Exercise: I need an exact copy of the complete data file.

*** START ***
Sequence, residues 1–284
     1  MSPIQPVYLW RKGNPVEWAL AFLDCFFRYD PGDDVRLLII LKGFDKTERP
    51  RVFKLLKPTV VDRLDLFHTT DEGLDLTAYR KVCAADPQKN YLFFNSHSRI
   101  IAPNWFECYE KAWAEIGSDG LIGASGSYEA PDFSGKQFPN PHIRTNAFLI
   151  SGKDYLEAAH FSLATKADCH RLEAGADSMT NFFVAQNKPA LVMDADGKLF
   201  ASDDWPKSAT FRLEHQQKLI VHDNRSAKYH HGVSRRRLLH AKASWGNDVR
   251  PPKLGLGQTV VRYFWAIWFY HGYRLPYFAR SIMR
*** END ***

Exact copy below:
Sequence, residues 1–284
     1  MSPIQPVYLW RKGNPVEWAL AFLDCFFRYD PGDDVRLLII LKGFDKTERP
    51  RVFKLLKPTV VDRLDLFHTT DEGLDLTAYR KVCAADPQKN YLFFNSHSRI
   101  IAPNWFECYE KAWAEIGSDG LIGASGSYEA PDFSGKQFPN PHIRTNAFLI
   151  SGKDYLEAAH FSLATKADCH RLEAGADSMT NFFVAQNKPA LVMDADGKLF
   201  ASDDWPKSAT FRLEHQQKLI VHDNRSAKYH HGVSRRRLLH AKASWGNDVR
   251  PPKLGLGQTV VRYFWAIWFY HGYRLPYFAR SIMR